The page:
The mystery of the Titanic

Photograph of RMS Titanic in Belfast

Housed in the photographic collections of St George’s Chapel is this photograph of RMS Titanic, under construction at Belfast in August 1911.

Built between 1909 and 1911 by the Harland and Wolff shipyard, she was one of three Olympic class ocean liners operated by the White Star Line. Titanic was launched on 31 May 1911, with thousands of spectators watching as 22 tons of soap and tallow were spread on the slipway to lubricate the ship’s passage into the River Lagan. This photograph shows her in the fitting-out berth she was towed to, where, over the next year, her engines, funnels and superstructure were installed and her interior fitted out.

From Belfast, Titanic travelled to Southampton before setting out on her fateful voyage on 10 April 1912. Four days later, she sank, causing the death of over 1500 people.

These photographs appear in a set of over 100 images of Ireland, depicting people, sites of interest and landscapes. They are, essentially, someone’s holiday snaps of their trip to Belfast, Co. Donegal, Co. Kerry and Co. Cork. There is no note of who took them, and the envelopes which house them are marked “Rejected”. Some photographs are labelled, and the handwriting bears some resemblance to that of Robert Burns Robertson, Chapter Surveyor from December 1912 to August 1936. Prior to working at St George’s, he first found employment in the shipyards of John Elder and Company, Glasgow where he worked on the construction of the RMS Umbria and RMS Etruria, launched in 1884 and 1885 respectively. Built for the Cunard Line and used on the prestigious Liverpool to New York route, these were the largest liners then in service. Perhaps he maintained a professional interest?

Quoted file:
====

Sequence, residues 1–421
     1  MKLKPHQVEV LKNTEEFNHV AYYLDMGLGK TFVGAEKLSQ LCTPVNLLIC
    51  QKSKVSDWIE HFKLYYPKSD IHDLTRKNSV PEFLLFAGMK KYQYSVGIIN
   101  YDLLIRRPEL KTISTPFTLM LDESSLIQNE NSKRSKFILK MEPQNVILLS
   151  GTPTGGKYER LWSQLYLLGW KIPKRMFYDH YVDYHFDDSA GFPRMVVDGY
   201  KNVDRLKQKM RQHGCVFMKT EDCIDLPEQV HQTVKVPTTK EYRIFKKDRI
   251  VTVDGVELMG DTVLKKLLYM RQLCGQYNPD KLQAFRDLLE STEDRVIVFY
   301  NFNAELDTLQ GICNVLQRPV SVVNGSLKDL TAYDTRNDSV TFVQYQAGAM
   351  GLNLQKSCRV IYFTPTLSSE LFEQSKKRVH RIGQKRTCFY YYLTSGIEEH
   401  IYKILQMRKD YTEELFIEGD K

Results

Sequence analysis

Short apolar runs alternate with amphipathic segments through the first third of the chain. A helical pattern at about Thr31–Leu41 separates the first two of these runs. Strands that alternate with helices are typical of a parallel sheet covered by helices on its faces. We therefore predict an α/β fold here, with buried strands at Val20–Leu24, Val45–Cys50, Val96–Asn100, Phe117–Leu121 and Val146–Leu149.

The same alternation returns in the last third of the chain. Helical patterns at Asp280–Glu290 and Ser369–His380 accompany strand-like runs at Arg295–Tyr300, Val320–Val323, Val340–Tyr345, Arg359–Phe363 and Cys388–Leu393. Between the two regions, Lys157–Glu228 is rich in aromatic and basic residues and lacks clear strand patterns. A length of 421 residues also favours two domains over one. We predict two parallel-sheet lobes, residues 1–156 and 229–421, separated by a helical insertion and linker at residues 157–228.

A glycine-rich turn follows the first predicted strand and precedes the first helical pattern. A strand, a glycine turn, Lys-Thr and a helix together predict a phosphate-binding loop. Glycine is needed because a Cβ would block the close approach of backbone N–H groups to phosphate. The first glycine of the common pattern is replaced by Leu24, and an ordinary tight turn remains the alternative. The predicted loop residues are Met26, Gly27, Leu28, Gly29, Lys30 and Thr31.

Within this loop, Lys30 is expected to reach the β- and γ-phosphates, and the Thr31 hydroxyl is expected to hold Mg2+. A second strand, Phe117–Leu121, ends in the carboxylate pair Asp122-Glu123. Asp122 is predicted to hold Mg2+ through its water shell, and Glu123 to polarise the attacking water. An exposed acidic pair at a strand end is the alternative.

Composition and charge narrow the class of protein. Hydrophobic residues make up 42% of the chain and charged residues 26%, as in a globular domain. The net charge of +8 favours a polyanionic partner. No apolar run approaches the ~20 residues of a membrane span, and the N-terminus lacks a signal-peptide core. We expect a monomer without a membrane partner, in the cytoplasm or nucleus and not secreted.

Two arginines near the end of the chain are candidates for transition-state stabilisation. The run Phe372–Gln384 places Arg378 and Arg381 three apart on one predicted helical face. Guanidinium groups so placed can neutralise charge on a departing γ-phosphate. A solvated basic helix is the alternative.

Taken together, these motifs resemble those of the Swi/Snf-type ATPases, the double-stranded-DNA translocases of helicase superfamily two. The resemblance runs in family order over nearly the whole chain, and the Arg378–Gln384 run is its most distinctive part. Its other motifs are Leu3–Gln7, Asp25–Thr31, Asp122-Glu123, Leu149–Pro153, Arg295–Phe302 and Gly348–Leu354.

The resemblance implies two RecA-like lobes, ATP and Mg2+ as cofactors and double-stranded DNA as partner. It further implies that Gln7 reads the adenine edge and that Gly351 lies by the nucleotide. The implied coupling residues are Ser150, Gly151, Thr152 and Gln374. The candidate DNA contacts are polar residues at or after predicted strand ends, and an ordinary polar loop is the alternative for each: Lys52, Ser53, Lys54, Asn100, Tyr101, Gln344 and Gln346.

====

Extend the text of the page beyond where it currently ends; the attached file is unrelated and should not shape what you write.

Eleanor Cracknell (Assistant Archivist)

The King's Free Chapel. The Chapel of the Most Honourable and Noble Order of the Garter. The Chapel of the College of St George.